June 17, 2019

Astro-Challenge: Spot Neptune in its Original Discovery Position!

In this week’s astro-event, we challenge you, the sky watching public, to view the planet Neptune as it was first seen on the night of its discovery on September 23, 1846. On that evening, astronomer Johann Galle turned the Berlin Observatories’ 9-inch refractor on a position given to him by French mathematician Urbain Jean-Joseph Le Verrier, and the solar system hasn’t been the same since. The discovery of Neptune was a triumph for predictive mathematics and a good test of Newtonian mechanics in a celestial format.

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AstroEvent of the Week:29th-September 5th, 2008: Spot Neptune!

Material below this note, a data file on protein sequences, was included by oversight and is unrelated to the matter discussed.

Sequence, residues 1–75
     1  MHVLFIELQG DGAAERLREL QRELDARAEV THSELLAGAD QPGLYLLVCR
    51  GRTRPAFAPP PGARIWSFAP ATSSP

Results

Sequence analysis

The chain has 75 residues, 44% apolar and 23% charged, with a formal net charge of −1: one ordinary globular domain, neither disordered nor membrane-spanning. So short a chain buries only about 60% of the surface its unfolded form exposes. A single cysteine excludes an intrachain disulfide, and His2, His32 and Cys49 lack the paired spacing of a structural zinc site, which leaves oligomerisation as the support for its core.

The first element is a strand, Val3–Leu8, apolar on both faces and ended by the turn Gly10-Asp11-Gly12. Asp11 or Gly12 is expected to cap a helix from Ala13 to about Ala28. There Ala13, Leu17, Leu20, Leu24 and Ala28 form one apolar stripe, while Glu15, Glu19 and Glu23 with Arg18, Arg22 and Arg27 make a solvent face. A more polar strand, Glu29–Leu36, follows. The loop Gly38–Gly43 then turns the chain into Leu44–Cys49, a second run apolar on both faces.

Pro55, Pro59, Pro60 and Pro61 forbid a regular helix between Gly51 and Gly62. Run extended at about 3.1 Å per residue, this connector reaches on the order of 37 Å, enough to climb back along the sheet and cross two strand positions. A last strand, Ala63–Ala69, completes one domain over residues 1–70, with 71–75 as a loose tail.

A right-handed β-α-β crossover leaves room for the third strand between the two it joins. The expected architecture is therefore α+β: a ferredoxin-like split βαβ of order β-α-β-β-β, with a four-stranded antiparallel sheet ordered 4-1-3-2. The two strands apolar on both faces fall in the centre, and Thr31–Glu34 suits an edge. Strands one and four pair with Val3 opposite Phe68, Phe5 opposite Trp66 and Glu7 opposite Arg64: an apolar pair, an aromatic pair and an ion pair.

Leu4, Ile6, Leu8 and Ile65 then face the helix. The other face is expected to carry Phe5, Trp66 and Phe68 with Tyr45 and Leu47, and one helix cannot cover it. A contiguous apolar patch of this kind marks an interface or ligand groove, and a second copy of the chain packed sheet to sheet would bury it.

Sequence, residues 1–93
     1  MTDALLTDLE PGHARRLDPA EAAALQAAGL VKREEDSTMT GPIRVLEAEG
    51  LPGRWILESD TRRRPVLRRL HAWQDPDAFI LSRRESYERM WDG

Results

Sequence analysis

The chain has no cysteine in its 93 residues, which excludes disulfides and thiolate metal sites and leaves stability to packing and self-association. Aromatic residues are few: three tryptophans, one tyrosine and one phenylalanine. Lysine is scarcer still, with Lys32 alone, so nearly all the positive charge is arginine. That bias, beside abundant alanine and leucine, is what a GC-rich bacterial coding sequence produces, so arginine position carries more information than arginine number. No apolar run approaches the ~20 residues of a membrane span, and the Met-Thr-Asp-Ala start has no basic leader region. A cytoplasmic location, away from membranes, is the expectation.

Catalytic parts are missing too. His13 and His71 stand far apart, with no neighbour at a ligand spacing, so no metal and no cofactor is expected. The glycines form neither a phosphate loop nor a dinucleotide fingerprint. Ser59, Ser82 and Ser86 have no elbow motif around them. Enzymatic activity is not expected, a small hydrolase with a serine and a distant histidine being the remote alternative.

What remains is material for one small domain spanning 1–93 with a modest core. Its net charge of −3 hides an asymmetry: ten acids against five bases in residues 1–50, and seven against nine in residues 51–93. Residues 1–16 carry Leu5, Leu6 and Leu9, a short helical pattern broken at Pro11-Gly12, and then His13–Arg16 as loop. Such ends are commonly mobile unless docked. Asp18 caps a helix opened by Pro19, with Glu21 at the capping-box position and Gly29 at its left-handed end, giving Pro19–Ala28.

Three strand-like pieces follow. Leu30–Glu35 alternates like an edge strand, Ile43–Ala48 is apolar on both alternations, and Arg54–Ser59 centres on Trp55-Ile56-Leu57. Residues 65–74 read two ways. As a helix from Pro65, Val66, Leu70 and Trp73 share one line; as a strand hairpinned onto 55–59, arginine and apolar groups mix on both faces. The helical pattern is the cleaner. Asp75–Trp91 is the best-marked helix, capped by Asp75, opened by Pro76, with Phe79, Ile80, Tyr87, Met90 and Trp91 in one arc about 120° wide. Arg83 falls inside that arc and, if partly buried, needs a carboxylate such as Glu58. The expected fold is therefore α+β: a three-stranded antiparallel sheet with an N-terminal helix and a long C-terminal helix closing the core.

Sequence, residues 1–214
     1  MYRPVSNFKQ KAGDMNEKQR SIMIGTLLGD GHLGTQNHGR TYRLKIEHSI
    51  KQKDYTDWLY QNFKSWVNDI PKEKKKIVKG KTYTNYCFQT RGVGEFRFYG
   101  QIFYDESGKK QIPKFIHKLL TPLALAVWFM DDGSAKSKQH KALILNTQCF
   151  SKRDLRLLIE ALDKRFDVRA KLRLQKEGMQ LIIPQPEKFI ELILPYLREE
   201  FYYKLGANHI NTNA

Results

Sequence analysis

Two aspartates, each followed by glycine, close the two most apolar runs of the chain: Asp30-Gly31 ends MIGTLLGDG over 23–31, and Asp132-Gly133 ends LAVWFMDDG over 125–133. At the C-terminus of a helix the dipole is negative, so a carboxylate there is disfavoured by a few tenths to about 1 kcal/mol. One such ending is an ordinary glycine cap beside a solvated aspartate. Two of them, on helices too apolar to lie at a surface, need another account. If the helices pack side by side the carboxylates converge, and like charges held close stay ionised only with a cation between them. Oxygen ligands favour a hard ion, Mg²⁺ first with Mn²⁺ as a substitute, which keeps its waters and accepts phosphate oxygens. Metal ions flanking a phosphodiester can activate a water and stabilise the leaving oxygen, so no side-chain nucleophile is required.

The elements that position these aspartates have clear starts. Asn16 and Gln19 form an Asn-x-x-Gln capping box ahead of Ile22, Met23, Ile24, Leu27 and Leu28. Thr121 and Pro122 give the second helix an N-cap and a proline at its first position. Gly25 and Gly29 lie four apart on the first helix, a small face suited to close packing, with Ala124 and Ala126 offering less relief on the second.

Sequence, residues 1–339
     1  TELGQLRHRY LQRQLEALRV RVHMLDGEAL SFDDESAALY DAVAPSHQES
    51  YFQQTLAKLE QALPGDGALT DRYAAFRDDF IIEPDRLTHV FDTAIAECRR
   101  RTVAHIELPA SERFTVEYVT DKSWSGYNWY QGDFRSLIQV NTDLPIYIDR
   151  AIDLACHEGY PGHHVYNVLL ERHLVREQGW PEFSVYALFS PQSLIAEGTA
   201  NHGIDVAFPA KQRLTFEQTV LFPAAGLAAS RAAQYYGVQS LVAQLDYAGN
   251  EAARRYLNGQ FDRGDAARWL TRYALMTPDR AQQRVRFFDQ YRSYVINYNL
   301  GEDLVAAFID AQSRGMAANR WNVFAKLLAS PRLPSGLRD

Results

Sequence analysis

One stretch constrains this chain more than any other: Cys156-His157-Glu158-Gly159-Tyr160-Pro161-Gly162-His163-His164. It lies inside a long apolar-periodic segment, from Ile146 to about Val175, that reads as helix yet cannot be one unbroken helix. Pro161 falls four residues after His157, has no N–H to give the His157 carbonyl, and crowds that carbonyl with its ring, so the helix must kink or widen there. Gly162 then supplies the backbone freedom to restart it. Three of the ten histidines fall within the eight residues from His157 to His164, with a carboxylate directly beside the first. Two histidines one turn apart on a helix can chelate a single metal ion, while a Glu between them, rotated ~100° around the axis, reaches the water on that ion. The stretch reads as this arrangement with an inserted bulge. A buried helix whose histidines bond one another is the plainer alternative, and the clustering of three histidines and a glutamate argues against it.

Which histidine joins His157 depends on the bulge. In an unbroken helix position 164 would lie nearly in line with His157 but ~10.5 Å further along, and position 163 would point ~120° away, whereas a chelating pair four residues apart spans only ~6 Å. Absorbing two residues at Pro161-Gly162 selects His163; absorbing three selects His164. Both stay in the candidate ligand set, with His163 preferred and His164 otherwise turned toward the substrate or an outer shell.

Now, to spot a planet that was first located mathimatically.

Now that the Moon is out of the sky this week, it’s a good time to add the outer most gas giant to your “been there, done that” list! First spotted in 1846 by Johann Galle & Heinrich D’Arrest, Neptune’s position was first deduced by the French Mathematician Le Verrier, who himself hated the “grittiness” of rank and file observational astronomy. [Read more...]